Here are answers to some common wealth management questions from Pat Soldano, chairman – Western Region, GenSpring Family Offices, and Mark Mushkat, senior advisor – Western Region, GenSpring Family Offices:

What is the biggest mistake people make — that could be corrected by an effective financial adviser — when they try to manage their assets on their own? They misjudge the time, expertise and resources necessary to truly manage their assets effectively, and achieve an appropriate level of return for an appropriate level of risk.

What has been the biggest change in wealth management strategies in the wake of the recession? Investors have become more risk-averse and become less trusting of the wealth management industry in general. They are questioning their advisors more and trying to understand if their advisors are doing what is in the best interest of the investor or the advisor and/or their firm!

Is there one particular trend you’re seeing in clients or is there one particular strategy you’re steering clients toward that may be different from strategies employed five years ago? GenSpring has concerns about the risks of the stock market relative to its expected returns. As this market will likely remain highly volatile, we expect comparable returns in other asset classes without as much risk as stocks.

Are there things that people can or should do between now and the end of the year to protect or build their wealth? Take advantage of the $5 million per person gift tax exemption, by using as much of it as practicable, based on their spending needs, before it may go away at the end of 2012. This will take assets out of their estate that would other be subject to a 35 to 55 percent estate tax at their death.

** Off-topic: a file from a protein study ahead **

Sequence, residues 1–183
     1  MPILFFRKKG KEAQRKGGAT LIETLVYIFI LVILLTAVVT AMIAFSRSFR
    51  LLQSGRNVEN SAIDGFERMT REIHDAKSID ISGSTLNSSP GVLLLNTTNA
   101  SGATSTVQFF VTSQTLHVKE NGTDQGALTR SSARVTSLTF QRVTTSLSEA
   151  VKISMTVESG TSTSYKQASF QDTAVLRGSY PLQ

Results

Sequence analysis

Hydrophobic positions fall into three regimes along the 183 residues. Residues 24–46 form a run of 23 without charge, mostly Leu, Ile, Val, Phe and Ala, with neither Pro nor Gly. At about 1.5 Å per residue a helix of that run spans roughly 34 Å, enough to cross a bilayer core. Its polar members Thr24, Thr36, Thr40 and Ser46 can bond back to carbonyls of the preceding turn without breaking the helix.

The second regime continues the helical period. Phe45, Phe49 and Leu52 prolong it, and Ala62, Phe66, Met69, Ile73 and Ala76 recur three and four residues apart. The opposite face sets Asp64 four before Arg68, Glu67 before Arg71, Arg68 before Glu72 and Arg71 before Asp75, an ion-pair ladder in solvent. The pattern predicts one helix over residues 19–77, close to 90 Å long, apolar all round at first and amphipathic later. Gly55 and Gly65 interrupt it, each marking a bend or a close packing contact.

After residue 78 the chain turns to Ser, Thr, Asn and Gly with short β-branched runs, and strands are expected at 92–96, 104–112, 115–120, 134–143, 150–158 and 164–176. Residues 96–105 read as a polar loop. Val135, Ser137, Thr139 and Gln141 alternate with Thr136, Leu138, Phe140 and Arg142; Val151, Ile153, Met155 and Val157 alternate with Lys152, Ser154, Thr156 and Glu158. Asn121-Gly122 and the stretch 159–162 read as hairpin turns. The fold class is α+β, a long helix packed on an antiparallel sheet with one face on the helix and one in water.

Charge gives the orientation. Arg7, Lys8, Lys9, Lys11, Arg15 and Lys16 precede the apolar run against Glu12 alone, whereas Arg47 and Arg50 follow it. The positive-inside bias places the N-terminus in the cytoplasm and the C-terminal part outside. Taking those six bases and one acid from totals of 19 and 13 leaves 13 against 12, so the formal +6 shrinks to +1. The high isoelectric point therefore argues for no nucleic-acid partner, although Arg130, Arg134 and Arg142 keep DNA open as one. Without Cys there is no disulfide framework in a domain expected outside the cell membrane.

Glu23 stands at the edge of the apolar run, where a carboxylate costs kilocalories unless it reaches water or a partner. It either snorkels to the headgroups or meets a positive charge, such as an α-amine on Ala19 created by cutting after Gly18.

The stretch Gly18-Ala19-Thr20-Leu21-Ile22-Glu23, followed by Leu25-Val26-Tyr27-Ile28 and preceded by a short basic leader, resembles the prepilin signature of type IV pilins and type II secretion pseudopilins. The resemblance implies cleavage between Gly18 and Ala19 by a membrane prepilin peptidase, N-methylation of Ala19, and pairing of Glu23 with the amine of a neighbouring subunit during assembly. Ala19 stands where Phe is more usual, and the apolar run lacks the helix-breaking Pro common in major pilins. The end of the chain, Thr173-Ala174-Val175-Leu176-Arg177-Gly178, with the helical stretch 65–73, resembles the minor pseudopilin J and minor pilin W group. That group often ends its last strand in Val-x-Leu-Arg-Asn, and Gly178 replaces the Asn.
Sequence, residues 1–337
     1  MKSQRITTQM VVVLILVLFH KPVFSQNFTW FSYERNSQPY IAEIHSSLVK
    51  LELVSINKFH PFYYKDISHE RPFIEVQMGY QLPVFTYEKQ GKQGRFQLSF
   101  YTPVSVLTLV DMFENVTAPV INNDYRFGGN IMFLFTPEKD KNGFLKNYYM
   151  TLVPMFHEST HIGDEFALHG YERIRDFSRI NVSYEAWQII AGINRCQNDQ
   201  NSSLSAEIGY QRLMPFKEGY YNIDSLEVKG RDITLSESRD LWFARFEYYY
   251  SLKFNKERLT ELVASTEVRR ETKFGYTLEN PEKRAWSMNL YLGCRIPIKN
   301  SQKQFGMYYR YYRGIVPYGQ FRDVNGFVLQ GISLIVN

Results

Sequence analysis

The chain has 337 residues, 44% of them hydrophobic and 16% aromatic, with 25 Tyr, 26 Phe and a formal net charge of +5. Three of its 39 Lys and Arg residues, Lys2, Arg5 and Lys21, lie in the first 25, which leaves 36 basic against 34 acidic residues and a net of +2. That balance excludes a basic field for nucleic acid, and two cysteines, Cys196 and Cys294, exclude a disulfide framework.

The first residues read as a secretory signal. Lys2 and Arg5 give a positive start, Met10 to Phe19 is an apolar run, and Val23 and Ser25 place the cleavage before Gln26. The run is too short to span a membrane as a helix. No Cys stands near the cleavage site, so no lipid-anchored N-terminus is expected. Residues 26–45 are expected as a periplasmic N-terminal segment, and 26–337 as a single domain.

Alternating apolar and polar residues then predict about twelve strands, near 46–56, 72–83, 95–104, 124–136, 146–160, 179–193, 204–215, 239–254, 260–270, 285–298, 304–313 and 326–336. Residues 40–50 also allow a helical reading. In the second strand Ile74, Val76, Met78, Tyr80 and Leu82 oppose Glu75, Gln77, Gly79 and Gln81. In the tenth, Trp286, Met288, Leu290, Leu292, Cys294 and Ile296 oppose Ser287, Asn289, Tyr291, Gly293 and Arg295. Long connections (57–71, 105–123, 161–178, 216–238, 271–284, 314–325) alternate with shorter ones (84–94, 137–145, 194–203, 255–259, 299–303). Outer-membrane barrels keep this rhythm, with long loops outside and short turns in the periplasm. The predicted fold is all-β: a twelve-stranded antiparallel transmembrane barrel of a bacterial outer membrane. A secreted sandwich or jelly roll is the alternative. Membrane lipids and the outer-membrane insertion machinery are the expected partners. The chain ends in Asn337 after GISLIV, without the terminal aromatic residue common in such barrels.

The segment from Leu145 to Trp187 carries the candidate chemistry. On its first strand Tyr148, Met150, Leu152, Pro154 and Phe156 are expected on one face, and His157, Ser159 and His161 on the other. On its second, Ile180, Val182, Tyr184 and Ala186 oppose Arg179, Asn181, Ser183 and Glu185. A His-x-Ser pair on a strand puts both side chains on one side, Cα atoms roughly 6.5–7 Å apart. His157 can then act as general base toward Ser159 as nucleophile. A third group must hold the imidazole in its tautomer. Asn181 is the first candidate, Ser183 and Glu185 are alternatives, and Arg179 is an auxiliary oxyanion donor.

What advice would you give someone who is just reaching an age where they are starting to worry about protecting and building their wealth? Careful financial planning is key to effective saving, investing and spending. It’s important to consider taxes, inflation, market risks and expected returns in asset classes like stocks, bonds, CDs, real estate, etc.

What advice would you give someone who is established, but wants to protect and build their wealth for the next generations? Our families find it helpful to have clear objectives spelled out in an Investment Policy Statement. This document is a road map for good times and for bad, and it’s useful to share with guardians of future generations to maintain a consistent and disciplined investment plan.